foul


From The Collaborative International Dictionary of English v.0.48:

Foul \Foul\ (foul), n. [See Fowl.]
   A bird. [Obs.] --Chaucer.
   [1913 Webster]
.

From The Collaborative International Dictionary of English v.0.48:

Foul \Foul\ (foul), a. [Compar. Fouler (-[~e]r); superl.
   Foulest.] [OE. foul, ful, AS. f[=u]l; akin to D. vuil, G.
   faul rotten, OHG. f[=u]l, Icel. f[=u]l foul, fetid; Dan.
   fuul, Sw. ful foul, Goth. f[=u]ls fetid, Lith. puti to be
   putrid, L. putere to stink, be putrid, pus pus, Gr. py`on
   pus, to cause to rot, Skr. p[=u]y to stink. [root]82. Cf.
   Defile to foul, File to foul, Filth, Pus, Putrid.]
   1. Covered with, or containing, extraneous matter which is
      injurious, noxious, offensive, or obstructive; filthy;
      dirty; not clean; polluted; nasty; defiled; as, a foul
      cloth; foul hands; a foul chimney; foul air; a ship's
      bottom is foul when overgrown with barnacles; a gun
      becomes foul from repeated firing; a well is foul with
      polluted water.
      [1913 Webster]

            My face is foul with weeping.         --Job. xvi.
                                                  16.
      [1913 Webster]

   2. Scurrilous; obscene or profane; abusive; as, foul words;
      foul language.
      [1913 Webster]

   3. Hateful; detestable; shameful; odious; wretched. "The foul
      with Sycorax." --Shak.
      [1913 Webster]

            Who first seduced them to that foul revolt?
                                                  --Milton.
      [1913 Webster]

   4. Loathsome; disgusting; as, a foul disease.
      [1913 Webster]

   5. Ugly; homely; poor. [Obs.] --Chaucer.
      [1913 Webster]

            Let us, like merchants, show our foulest wares.
                                                  --Shak.
      [1913 Webster]

   6. Not favorable; unpropitious; not fair or advantageous; as,
      a foul wind; a foul road; cloudy or rainy; stormy; not
      fair; -- said of the weather, sky, etc.
      [1913 Webster]

            So foul a sky clears not without a storm. --Shak.
      [1913 Webster]

   7. Not conformed to the established rules and customs of a
      game, conflict, test, etc.; unfair; dishonest;
      dishonorable; cheating; as, foul play.
      [1913 Webster]

   8. Having freedom of motion interfered with by collision or
      entanglement; entangled; -- opposed to clear; as, a rope
      or cable may get foul while paying it out.
      [1913 Webster]

   Foul anchor. (Naut.) See under Anchor.

   Foul ball (Baseball), a ball that first strikes the ground
      outside of the foul ball lines, or rolls outside of
      certain limits.

   Foul ball lines (Baseball), lines from the home base,
      through the first and third bases, to the boundary of the
      field.

   Foul berth (Naut.), a berth in which a ship is in danger of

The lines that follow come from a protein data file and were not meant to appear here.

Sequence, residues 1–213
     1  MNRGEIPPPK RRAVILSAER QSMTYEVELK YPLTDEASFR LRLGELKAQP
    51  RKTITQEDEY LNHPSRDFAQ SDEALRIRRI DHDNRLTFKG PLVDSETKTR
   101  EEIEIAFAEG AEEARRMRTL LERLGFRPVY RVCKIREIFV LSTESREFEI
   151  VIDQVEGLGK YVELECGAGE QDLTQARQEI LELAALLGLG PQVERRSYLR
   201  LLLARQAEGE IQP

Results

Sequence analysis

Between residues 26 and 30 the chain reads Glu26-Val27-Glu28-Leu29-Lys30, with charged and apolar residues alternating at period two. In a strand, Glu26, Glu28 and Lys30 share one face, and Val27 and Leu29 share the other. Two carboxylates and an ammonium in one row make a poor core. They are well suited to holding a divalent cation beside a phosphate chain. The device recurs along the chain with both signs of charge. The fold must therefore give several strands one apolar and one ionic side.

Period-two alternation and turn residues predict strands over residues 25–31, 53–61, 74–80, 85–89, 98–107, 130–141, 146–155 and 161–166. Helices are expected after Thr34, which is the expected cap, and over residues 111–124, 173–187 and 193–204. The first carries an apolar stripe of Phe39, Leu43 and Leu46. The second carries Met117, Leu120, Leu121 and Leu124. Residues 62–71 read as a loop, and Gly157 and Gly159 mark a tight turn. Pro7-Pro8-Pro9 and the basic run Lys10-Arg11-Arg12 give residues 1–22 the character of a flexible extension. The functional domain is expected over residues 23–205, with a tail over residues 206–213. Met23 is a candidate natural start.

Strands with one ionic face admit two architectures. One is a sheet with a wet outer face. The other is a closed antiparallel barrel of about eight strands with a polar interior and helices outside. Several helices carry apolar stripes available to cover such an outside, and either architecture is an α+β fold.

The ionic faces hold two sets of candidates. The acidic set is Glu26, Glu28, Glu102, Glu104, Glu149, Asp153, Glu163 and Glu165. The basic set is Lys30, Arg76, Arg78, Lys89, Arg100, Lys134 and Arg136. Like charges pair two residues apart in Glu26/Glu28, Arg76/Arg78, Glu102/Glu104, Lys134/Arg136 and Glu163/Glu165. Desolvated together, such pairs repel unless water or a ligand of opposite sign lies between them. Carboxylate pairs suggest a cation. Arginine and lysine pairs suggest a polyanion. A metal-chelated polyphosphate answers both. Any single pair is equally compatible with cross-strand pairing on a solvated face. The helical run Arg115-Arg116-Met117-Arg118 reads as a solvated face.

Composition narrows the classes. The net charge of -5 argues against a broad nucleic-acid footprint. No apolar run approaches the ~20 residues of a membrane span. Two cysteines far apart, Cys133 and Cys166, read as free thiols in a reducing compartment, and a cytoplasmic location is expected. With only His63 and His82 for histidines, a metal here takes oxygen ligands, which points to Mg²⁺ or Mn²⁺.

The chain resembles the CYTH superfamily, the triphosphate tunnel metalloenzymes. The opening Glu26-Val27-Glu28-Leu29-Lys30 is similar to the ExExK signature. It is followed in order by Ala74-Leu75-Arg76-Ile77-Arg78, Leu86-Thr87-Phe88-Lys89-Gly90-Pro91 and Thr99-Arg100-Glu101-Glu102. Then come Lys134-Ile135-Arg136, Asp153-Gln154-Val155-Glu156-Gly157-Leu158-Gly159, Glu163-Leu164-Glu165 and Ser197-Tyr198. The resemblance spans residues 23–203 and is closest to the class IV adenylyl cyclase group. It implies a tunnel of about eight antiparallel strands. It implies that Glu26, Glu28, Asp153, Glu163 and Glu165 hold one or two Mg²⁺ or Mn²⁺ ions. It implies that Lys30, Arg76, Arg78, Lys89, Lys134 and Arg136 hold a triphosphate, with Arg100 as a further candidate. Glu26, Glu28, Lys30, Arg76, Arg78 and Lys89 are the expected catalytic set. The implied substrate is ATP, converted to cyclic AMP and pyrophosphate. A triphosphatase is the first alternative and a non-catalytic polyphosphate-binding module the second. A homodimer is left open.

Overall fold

fouling another vesel.

   Foul bill, or Foul bill of health, a certificate, duly
      authenticated, that a ship has come from a place where a
      contagious disorder prevails, or that some of the crew are
      infected.

   Foul copy, a rough draught, with erasures and corrections;
      -- opposed to fair or clean copy. "Some writers boast of
      negligence, and others would be ashamed to show their foul
      copies." --Cowper.

   Foul proof, an uncorrected proof; a proof containing an
      excessive quantity of errors.

   Foul strike (Baseball), a strike by the batsman when any
      part of his person is outside of the lines of his
      position.

   To fall foul, to fall out; to quarrel. [Obs.] "If they be
      any ways offended, they fall foul." --Burton.

   To fall foul of or To run foul of. See under Fall.

   To make foul water, to sail in such shallow water that the
      ship's keel stirs the mud at the bottom.
      [1913 Webster]
.

From The Collaborative International Dictionary of English v.0.48:

Foul \Foul\, n.
   1. An entanglement; a collision, as in a boat race.
      [1913 Webster]

   2. (Baseball) See Foul ball, under Foul, a.
      [1913 Webster]

   3. In various games or sports, an act done contrary to the
      rules; a foul stroke, hit, play, or the like.
      [Webster 1913 Suppl.]
.

From The Collaborative International Dictionary of English v.0.48:

Foul \Foul\, v. t. [imp. & p. p. Fouled; p. pr. & vb. n.
   Fouling.]
   1. To make filthy; to defile; to daub; to dirty; to soil; as,
      to foul the face or hands with mire.
      [1913 Webster]

   2. (Mil.) To incrust (the bore of a gun) with burnt powder in
      the process of firing.
      [1913 Webster]

   3. To cover (a ship's bottom) with anything that impered its
      sailing; as, a bottom fouled with barnacles.
      [1913 Webster]

   4. To entangle, so as to impede motion; as, to foul a rope or
      cable in paying it out; to come into collision with; as,
      one boat fouled the other in a race.
      [1913 Webster]
.

From The Collaborative International Dictionary of English v.0.48:

Foul \Foul\, v. i.
   1. To become clogged with burnt powder in the process of
      firing, as a gun.
      [1913 Webster]

   2. To become entagled, as ropes; to come into collision with
      something; as, the two boats fouled.
      [1913 Webster]
Feedback Form